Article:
Wood Types - Their similarities and differences

Learn about the different types of wood we make furniture out of. Each has a different personality of tone and grain pattern, but all are sustainably sourced in America and look beautiful in any color.

Cherry Family

Cherry: Cherry has long been the classic choice for wood furniture. It has a beautiful honey hue and a noticeable yet consistent grain that compliments any stain without overpowering it.

Rustic Cherry: All the same benefits of cherry with additional color variation and knots for added character

Sap Cherry: A variation of rustic cherry where sap streaks are used, adding more color variation.

Walnut Family

Walnut: For a truly premium design, consider upgrading your furniture to walnut,  a substantial wood with a gorgeous chocolate hue and a rich, bold grain. Walnut very dense and heavy, any piece created from this hard wood will stand the test of time.  A light or natural stain is recommended so the grain can be fully appreciated.

Rustic Walnut: Rustic walnut offers the same premium quality as the standard walnut but with mineral, sap, and knots for added character. 

Elm (aka Gray Elm)

For the customer with a more bold design aesthetic, elm wood’s dramatic grain pattern will make any piece of furniture stand out. This eye-catching wood takes on a wide variety of colors, depending on stain selection.

Oak Family

Oak: Oak is one of our most popular woods. Its strong and sturdy and known for its durability. Its unique, grain pattern gives it a beautiful smooth finish.

Quarter Sawn White Oak: QSWO has been favored for generations by traditional Amish crafters. It’s a hard oak, which is created using a long-practiced woodworking technique where logs are rip-cut into quarters, resulting in a decorative rippled effect.

Hickory

Offering lots of light and dark variation in tone, hickory wood is great for creating a rustic look. Hickory is one of the hardest woods available in north America, and was used to make tool handles traditionally because  is known for its density and sturdiness.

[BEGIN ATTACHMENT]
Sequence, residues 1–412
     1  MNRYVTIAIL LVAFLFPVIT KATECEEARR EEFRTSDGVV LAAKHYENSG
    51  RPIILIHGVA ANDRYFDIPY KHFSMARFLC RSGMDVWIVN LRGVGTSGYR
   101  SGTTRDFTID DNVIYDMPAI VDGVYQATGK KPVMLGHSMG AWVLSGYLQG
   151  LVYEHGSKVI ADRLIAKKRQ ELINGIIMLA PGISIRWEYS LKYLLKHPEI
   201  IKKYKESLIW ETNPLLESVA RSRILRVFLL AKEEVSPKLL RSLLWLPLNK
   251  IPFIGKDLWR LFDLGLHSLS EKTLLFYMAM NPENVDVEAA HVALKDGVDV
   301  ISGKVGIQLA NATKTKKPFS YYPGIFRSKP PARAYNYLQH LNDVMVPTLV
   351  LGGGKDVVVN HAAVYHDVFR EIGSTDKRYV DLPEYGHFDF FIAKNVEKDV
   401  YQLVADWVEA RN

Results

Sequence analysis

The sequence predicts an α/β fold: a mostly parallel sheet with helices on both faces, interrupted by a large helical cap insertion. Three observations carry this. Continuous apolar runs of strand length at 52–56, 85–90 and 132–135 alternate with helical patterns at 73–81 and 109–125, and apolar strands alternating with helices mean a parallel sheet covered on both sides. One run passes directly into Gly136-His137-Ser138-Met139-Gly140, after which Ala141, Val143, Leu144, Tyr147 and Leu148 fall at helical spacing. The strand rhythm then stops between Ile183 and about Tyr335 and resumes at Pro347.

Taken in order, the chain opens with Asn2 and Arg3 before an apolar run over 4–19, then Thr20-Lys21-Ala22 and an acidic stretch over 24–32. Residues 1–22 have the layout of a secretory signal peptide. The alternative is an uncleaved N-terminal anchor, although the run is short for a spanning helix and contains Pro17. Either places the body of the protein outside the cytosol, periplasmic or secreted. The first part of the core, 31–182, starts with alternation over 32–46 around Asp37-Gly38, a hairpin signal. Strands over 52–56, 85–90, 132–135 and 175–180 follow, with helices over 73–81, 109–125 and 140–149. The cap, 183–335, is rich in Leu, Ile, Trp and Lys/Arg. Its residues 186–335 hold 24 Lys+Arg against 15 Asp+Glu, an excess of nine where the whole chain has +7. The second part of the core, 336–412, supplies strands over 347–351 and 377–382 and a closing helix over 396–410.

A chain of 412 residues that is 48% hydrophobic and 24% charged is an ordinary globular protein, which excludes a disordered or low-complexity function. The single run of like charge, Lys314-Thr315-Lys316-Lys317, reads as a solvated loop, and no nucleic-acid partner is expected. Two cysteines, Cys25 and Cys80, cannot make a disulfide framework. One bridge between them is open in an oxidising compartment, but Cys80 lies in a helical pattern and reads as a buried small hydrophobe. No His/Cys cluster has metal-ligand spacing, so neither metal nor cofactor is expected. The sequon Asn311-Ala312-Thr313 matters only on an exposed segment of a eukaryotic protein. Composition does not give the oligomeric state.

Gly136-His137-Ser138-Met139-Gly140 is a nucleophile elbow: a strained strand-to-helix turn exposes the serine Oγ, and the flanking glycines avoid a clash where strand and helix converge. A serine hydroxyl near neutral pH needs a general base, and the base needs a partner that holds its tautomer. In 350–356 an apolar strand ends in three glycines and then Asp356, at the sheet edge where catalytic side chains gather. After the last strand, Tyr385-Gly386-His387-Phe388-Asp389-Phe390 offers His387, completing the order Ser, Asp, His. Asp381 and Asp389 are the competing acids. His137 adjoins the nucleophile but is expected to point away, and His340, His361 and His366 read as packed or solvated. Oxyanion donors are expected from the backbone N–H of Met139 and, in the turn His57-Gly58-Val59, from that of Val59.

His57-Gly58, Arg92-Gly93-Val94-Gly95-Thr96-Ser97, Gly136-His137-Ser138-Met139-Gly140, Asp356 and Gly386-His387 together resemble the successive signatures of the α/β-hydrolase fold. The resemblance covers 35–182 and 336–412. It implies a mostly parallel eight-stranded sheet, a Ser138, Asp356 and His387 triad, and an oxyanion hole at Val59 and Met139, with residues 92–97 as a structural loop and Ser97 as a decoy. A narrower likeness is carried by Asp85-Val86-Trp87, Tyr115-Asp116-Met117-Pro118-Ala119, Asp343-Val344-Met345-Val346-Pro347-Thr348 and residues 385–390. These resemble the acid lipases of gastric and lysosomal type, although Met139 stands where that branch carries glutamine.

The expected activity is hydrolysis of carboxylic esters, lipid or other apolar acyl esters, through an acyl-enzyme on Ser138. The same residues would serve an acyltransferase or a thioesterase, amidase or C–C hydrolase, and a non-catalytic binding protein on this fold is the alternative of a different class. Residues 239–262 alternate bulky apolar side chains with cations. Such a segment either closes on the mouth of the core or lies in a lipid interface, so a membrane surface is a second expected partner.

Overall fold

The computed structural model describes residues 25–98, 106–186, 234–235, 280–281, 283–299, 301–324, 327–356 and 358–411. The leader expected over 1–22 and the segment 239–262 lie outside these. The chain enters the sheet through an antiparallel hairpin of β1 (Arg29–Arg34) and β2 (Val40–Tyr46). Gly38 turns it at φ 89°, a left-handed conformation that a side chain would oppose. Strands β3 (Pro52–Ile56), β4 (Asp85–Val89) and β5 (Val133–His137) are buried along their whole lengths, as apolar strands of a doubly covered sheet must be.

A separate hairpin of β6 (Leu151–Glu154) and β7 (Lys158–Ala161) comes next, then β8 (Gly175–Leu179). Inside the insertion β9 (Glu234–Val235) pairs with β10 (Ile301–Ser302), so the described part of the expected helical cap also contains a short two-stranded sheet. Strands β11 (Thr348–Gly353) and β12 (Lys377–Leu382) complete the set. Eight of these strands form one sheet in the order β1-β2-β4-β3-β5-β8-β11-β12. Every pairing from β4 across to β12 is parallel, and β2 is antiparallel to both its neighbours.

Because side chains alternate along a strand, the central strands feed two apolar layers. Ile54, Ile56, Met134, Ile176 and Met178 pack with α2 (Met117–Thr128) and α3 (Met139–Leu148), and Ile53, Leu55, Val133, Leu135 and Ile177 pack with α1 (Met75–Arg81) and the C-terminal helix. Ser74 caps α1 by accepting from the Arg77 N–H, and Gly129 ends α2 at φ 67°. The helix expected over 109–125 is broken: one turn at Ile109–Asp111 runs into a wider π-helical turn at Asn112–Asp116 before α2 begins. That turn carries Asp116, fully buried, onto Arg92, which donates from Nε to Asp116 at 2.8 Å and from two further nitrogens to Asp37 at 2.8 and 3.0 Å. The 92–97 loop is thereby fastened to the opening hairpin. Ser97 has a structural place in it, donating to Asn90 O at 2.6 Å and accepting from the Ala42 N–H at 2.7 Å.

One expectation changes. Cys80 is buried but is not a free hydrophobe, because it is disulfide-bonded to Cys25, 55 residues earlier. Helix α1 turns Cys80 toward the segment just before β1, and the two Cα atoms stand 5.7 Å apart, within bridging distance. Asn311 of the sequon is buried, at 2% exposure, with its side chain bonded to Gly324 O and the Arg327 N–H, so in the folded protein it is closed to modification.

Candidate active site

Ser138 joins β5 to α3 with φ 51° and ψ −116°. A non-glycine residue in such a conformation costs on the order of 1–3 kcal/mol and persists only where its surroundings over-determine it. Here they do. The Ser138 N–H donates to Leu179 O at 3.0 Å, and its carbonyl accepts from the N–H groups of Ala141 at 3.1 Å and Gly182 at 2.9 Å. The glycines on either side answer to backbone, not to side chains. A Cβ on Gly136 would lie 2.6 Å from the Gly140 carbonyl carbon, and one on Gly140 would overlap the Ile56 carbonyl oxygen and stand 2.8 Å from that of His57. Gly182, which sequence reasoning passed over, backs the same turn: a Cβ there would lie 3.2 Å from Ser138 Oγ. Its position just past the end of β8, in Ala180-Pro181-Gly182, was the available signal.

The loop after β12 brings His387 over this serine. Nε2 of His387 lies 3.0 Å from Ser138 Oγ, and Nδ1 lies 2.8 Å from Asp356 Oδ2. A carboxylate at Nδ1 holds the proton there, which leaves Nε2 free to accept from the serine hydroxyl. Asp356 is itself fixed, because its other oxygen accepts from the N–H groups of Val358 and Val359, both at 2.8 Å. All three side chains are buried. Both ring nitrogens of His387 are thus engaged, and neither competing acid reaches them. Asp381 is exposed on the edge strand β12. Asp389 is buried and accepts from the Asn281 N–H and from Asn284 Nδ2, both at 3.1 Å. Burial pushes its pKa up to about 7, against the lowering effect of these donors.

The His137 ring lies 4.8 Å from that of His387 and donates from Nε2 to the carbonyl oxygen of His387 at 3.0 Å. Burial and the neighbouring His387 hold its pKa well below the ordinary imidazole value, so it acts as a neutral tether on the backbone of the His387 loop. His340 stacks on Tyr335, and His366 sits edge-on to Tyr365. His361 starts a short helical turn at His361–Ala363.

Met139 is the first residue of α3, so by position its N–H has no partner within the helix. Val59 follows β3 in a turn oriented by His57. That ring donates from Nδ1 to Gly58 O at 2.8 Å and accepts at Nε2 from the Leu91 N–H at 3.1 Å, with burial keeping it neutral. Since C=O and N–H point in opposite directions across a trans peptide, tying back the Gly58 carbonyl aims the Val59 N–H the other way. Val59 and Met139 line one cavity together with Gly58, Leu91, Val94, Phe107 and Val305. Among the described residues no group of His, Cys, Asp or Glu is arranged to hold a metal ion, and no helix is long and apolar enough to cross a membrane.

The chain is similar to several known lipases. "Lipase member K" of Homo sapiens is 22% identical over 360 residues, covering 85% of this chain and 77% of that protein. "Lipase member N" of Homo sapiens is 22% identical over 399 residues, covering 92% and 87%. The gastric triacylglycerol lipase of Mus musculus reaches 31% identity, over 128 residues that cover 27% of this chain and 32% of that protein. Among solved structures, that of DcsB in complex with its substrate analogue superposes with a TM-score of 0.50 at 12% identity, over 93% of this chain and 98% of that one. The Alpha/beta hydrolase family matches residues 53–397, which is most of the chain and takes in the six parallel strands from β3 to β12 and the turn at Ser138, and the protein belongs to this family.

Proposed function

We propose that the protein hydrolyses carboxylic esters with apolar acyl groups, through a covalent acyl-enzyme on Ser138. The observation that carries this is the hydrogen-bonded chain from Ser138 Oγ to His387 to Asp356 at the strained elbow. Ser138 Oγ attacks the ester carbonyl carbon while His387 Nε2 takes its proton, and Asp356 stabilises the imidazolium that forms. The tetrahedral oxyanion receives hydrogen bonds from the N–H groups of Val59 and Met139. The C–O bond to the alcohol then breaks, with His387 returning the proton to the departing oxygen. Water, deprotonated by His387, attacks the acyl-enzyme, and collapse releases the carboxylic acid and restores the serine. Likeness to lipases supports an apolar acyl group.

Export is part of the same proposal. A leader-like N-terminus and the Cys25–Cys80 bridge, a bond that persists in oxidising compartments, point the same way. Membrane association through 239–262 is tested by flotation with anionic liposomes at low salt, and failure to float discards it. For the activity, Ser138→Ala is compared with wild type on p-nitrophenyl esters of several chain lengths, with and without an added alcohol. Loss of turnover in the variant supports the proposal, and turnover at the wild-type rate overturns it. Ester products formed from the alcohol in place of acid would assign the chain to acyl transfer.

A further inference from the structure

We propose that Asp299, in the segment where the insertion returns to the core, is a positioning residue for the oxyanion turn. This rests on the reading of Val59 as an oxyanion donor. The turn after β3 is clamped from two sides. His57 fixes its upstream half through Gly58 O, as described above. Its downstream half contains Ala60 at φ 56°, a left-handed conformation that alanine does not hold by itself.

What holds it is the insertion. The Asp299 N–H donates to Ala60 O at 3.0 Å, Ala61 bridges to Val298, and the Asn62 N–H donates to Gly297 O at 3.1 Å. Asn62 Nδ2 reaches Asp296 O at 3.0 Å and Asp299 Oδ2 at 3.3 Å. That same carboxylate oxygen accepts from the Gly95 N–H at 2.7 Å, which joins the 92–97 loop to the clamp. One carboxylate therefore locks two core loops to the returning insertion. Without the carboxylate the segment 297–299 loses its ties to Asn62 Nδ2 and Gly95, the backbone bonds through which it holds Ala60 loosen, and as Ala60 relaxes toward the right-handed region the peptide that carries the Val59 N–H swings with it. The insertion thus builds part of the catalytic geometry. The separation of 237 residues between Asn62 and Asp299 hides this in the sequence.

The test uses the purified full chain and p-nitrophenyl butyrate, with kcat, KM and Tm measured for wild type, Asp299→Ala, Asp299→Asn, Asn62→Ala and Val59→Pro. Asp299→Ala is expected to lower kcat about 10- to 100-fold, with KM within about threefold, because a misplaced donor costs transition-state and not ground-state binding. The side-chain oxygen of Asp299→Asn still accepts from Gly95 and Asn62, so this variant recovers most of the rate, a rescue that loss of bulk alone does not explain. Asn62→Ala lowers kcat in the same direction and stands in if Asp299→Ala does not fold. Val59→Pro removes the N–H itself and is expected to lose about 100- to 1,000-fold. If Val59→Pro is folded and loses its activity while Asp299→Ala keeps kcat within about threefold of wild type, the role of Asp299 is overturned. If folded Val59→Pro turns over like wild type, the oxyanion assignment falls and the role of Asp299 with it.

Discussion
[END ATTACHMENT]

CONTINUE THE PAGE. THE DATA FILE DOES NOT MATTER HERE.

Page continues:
Maple Family

Hard maple: Features a very consistent tone and subtle grain which showcases stain well

Brown maple: Includes some brown/mineral streaks for color and has a slightly more rustic look

Wormy maple: A unique wood that is naturally distressed by the Ambrosia beetle with small holes, mineral streaks, and color variations.

  • Janka Hardness Test: A measure of the hardness of wood, produced by a variation of the Brinell Hardness Test. The test measures the force required to push a steel ball with a diameter of 11.28 millimeters (0.444 inches) into the wood to a depth of half the ball’s diameter (the diameter was chosen to produce a circle with an area of 100 square millimeters).
  • Nothing with a rating of less than 800 lb. of force is used to make Amish furniture, so all wood types are viable choices for heirloom quality furniture and everyday use.
  • While these numbers imply an academic understanding of hardness, they should not imply a sense of imperviousness of the wood. Dropping a 2 lb object on a table with a corner or edge, will dent a table because the pressure (pounds per square inch is high). Just like walking in heels on a wood floor will create small impressions on it.